Biroldo della Garfagnana

Biroldo della Garfagnana

This is one of the more exciting preps I've made in a while and is the ultimate waste-not product. As usual, me and the boys (Scott and Jason) are always talking about what we should make next, trying to make something the other's haven't made yet. Looking through the freezer, I forgot that I had a pig head in there from one of our pigs from last year and wanted to use that up sooner than later. Yes, forgetting you have a pig head in your freezer may be the sign of a problem, I know this.Kate had told me about a prep she had in Tuscany, in which they basically threw every scrap into a big boiling pot and then poured it into a cheese cloth and let it set in the fridge. This prep is popular in Tuscany and called Soppressata Tuscana, not to be confused with the dry variety also known as Soppressata, but obviously very different. You'll find a number of different variations on Soppressata all over Italy, varying greatly by region, Soppressata di Calabria being one of the more popular ones.

Having the head and other odd bits laying around, I began looking at the Tuscan prep and variations there of. The one I settled on was Biroldo (blood) della Garfagnana (region in the provenience of Lucca), which is a very old traditional preparation specific to that region.. Simply put, this is a head cheese of sorts with the addition of blood.

Let me preface anyone thinking of diving into this prep, that it is not for the beginner or the squeamish. There is a whole lot of mess, it takes a whole lot of time and it's going to require some odd casings if you want to hold to traditions. That's not saying that it's difficult per se, just that it takes a lot of technique to manage the addition of the blood while stuffing and managing temperature to avoid too much setting before it's ready to be cooled. The resulting product however, is absolutely delicious and can be consumed one of two ways, both equally delicious;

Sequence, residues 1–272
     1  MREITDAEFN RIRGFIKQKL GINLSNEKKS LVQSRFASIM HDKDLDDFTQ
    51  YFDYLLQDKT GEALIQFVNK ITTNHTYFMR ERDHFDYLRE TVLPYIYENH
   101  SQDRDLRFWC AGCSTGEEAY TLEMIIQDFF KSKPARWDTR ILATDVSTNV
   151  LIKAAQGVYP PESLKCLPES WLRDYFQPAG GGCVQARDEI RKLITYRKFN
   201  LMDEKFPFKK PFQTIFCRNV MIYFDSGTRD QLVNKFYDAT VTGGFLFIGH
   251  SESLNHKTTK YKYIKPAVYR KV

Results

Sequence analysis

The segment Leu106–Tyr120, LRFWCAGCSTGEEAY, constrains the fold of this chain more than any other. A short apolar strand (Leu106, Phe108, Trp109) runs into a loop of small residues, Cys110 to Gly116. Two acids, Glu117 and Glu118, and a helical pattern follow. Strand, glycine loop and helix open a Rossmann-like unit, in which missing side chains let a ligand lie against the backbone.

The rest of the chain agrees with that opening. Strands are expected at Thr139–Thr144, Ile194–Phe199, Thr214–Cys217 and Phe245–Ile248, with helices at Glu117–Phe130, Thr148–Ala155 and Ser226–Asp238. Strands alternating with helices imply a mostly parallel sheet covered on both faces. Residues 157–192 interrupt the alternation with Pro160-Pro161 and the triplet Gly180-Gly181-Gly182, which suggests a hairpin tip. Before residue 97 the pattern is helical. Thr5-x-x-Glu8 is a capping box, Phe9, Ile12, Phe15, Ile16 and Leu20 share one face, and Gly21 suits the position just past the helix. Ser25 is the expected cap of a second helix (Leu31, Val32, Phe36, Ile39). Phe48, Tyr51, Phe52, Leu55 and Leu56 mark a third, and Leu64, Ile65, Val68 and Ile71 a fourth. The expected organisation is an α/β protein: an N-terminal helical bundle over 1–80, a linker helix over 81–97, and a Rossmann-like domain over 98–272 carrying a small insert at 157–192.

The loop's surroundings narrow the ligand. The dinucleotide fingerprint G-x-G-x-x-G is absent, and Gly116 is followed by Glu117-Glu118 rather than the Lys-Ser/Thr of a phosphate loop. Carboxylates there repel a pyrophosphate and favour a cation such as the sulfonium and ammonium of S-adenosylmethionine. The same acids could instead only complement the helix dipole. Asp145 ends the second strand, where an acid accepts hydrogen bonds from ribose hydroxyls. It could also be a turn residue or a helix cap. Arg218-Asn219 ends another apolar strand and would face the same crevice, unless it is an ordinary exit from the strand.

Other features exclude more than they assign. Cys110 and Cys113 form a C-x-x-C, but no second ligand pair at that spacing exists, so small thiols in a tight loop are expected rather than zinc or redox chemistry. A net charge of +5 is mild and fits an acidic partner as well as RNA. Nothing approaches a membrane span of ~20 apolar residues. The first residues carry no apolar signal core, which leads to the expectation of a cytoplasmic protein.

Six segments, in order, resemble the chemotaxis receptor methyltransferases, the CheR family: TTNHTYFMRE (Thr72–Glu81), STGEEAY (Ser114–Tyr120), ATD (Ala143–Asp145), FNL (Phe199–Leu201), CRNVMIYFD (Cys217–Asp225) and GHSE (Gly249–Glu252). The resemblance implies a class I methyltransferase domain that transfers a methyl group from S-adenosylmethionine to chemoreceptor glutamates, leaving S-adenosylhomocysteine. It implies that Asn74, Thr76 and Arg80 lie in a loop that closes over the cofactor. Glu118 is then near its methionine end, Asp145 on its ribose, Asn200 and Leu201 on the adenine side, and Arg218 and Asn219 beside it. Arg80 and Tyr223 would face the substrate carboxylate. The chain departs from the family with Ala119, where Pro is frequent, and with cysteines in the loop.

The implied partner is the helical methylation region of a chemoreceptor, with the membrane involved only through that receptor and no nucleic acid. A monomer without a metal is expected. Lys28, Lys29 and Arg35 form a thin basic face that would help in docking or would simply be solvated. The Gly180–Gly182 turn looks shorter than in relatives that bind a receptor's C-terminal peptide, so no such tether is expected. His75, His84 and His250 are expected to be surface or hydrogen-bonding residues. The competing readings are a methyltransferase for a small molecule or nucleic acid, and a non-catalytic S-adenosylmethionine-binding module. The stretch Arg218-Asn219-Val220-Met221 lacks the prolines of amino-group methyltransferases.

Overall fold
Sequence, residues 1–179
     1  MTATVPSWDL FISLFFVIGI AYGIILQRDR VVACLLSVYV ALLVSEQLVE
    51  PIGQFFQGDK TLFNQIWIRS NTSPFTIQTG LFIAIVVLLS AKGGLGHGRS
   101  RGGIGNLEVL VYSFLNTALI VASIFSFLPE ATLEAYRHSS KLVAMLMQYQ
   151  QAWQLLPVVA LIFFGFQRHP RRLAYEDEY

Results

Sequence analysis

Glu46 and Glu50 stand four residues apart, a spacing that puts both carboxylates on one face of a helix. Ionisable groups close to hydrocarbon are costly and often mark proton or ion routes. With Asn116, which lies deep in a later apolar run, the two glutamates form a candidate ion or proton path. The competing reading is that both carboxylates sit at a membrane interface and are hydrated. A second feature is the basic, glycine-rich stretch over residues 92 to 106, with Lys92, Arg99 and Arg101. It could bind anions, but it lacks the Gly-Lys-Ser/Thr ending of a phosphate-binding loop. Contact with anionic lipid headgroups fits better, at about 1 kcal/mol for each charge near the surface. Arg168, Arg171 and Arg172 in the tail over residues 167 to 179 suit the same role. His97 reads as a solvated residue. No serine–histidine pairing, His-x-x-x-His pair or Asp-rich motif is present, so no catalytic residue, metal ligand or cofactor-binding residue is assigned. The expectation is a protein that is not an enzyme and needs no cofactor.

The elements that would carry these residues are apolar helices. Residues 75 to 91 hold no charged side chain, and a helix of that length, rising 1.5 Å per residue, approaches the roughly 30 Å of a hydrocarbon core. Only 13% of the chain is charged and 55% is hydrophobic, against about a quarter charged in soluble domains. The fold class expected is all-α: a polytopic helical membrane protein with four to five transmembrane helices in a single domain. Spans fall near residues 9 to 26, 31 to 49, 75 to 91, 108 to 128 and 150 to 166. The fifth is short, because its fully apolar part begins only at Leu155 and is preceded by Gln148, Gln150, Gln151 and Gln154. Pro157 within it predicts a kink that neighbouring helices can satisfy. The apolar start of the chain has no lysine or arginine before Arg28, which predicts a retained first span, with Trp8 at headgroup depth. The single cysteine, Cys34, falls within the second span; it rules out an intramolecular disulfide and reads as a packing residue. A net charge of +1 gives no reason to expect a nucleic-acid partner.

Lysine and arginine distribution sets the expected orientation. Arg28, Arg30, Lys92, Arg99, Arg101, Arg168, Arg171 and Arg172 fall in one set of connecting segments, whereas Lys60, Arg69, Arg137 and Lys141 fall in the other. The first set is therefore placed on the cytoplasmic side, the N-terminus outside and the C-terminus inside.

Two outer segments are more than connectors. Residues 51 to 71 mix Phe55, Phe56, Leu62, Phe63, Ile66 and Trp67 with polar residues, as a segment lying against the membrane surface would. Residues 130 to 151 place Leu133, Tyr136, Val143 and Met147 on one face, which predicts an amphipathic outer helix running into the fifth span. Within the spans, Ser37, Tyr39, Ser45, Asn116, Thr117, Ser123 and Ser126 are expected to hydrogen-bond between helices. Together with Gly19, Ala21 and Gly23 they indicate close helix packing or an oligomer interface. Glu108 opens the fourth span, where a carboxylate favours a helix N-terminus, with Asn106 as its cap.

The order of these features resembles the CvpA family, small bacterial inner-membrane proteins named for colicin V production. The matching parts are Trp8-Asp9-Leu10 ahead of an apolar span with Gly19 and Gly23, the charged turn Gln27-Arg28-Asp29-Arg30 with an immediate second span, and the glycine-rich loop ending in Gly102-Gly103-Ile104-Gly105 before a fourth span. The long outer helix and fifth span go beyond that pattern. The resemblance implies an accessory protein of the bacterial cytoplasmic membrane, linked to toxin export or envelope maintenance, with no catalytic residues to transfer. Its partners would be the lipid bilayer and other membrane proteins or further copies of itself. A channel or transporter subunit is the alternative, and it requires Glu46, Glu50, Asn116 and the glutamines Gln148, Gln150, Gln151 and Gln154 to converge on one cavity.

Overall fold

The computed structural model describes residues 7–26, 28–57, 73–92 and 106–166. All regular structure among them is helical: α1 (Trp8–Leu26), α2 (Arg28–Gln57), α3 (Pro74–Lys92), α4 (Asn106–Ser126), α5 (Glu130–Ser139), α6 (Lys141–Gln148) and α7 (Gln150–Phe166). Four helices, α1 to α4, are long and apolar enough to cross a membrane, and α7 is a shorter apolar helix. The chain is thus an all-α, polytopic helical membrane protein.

1. Sliced thinly and eaten at room temperature
  2. Sliced in a steak like manner, dredged in flour and pan fried


  1. Head Meat (Tongue, Cheeks, Brain, Ears)
  2. 20% - Blood
  3. .15% - Sodium Ascorbate
  4. 2.1% - Salt
  5. .2% - Black Pepper
  6. .02% - Nutmeg
  7. .02% - Cinnamon
  8. .20% - Fennel
  9. .02% - Clove
  10. .02% - Anise Seed
  11. .15% - Bay Leaf
  12. 10% - Reduced broth from boiling the head
  13. .4% - Fresh garlic


  1. Place head in pot, covered with water. Add in a couple of bay leaves, a couple of cloves, peppercorns and fennel seeds. Boil for 3 hours
  2. Remove head from pot and allow to cool just enough so you can handle the meat to remove from skull.
  3. While cooling, continue to boil broth and reduce by 1/3 - 1/2.
  4. Pick off all meat and skin, roughly chop and place in bowl
  5. Blend stock and blood together to get rid of any coagulation
  6. Add in spices, blood and broth and mix well. Myosin should begin to form on the bowl.
  7. Stuff mix into hog bladder or stomach using either a spoon or a stuffer. Take care to not break the casing, as if you do, you will have an absolute disaster of a mess.
  8. Place in pot and cover with water and the same spice mix as listed above for head. Poach in oven at 225 for 3 hours.
  9. Remove from liquid and place on cookie sheet or cutting board to cool. Place a cutting board or pan on top and weight down with enough weight to press. A couple of large cans of tomatoes would work fine.
  10. When cool, place in fridge overnight to set
  11. Remove, slice and enjoy. Anything that you will not eat in the next week or so should be vac sealed and frozen for later use.